When I look back at the blogs I’ve written I keep returning to The Power of Words. And the quote I keep reading and re-reading is the one from Charles Darwin:
It is not the strongest of the species that survive, nor the most intelligent, but the one most responsive to change.
I’ve been thinking about change a lot this week. It’s the fault of Dan, my eight year old son. We went for a walk at the weekend, and we started talking about Granddad and the changes he’s seen in his lifetime.
But as I’m feeling reflective, let me go one step further back. On 28th June 1914 Archduke Franz Ferdinand was assassinated – the event that provoked the First World War. A few days later my Grandfather was born, just five years after Louis Bleriot became the first man to fly across the English Channel. At a time when travelling to Australia was a six week boat trip and travelling to London by car was a fantasy.
My father – Dan’s Granddad – was born in 1948. That year, IBM were justifiably proud of their wondrous Selective Sequence Electronic Calculator. The SSEC performed a staggering 50 calculations a second: its memory was the latest cutting-edge technology – nothing less than punched tape, vacuum tubes and relays. And it was small – some people couldn’t believe how neat and compact it was. It only measured 25 feet by forty!
And I was born in 1973 – eleven years before the wife of a dentist in White Plains, New York gave birth to a baby boy called Mark.
By the time my grandfather died you could fly to Australia in a day. Driving to London was routine. What was the greatest change he saw in his lifetime? I’d say flight – the shrinking of this world and the potential to travel to other worlds.
My Dad was educated at school – and at home by the Encyclopaedia Britannica. In the days when door to door salesman would sell knowledge in 24 volumes and you’d pay for it in 24 monthly instalments. And what does my Dad do today if he wants to know something? He Googles it. Or uses Wiki – on his neat and compact iPad, which only measures nine by seven. Inches.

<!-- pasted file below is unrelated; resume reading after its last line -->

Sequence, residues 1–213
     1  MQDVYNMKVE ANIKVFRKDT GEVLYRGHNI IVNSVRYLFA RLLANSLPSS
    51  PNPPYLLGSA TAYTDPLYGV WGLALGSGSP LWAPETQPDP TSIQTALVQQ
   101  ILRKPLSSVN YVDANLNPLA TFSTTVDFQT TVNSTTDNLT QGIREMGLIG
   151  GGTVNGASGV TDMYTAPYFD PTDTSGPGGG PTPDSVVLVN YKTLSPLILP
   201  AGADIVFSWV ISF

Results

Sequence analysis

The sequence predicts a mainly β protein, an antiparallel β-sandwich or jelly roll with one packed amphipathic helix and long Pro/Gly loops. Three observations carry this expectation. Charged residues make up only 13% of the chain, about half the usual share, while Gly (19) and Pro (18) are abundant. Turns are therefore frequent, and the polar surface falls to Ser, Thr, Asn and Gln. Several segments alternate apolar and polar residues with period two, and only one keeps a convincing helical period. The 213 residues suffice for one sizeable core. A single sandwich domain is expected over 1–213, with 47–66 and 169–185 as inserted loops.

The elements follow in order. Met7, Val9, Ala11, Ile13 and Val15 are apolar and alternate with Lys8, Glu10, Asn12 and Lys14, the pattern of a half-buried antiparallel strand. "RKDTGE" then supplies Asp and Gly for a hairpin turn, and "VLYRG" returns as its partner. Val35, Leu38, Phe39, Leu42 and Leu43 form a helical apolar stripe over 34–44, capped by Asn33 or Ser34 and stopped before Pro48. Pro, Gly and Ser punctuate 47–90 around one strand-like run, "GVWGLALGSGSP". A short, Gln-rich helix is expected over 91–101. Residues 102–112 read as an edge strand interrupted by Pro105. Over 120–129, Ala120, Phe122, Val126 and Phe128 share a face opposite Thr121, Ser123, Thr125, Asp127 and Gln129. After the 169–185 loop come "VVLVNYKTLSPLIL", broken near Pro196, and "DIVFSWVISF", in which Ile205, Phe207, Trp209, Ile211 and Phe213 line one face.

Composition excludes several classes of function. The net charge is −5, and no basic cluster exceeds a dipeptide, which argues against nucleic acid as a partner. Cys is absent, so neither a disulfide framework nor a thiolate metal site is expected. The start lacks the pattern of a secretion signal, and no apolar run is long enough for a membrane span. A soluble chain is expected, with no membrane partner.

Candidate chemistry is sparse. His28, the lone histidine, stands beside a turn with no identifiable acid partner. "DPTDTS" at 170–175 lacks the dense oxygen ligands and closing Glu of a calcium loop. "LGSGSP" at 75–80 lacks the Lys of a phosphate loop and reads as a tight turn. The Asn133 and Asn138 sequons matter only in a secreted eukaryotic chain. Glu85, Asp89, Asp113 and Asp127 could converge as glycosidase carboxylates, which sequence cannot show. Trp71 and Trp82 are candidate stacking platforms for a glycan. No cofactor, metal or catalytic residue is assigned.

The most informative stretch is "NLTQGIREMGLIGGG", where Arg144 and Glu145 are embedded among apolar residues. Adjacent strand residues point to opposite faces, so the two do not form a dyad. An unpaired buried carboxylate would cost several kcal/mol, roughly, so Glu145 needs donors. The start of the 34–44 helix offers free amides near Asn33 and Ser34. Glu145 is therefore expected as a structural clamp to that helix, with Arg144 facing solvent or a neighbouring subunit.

As flight was the greatest change that my grandfather saw, so the wholesale availability of knowledge and the ability to connect instantly with the world will surely be the greatest change my father sees.
So what will be the greatest change that I see? You’d be tempted to say the internet, but I must let my Dad claim that one. Maybe the greatest change I’ll see will be political – or economic. China has now overtaken Japan as the World’s second largest economy. At current growth rates it will overtake the USA in ten year’s time.
And what about Dan? What will be the greatest change he sees? Knowledge plugged directly into his brain? A vaccine for Aids or cancer? Nanotechnology? Clothes that cure illnesses while you wear them? I don’t know. You don’t know. No-one knows. In fact the only thing that we know for sure is that these days, there’s not much we know for sure. The world will continue to change.
So what does all this mean for your business? I think it means one thing above all others. You must keep learning. Jack Nicholson was talking about acting, but the message is exactly the same for anyone in business:
The minute that you’re not learning I believe you’re dead.
Let me take you back to the maternity unit in White Plains, New York. It’s May 14th 1984. The mother’s name is Mrs Zuckerberg. She gives birth to a son who – shortly before his 20th birthday – launches Facebook, and goes on to become the youngest billionaire on the planet.
Where will Facebook be in ten year’s time? I don’t know. You don’t know. What I do know, is that somewhere – Russia, China, Silicon Valley or maybe even North Yorkshire – someone is developing a technology or a piece of software that will radically change our lives and the way we communicate with each other. If you want your business to survive, you’ll have to learn to use it – and in the words of Darwin, be responsive to change. Or to paraphrase Winston Churchill, if you want to be successful in business, you must never, ever, stop learning.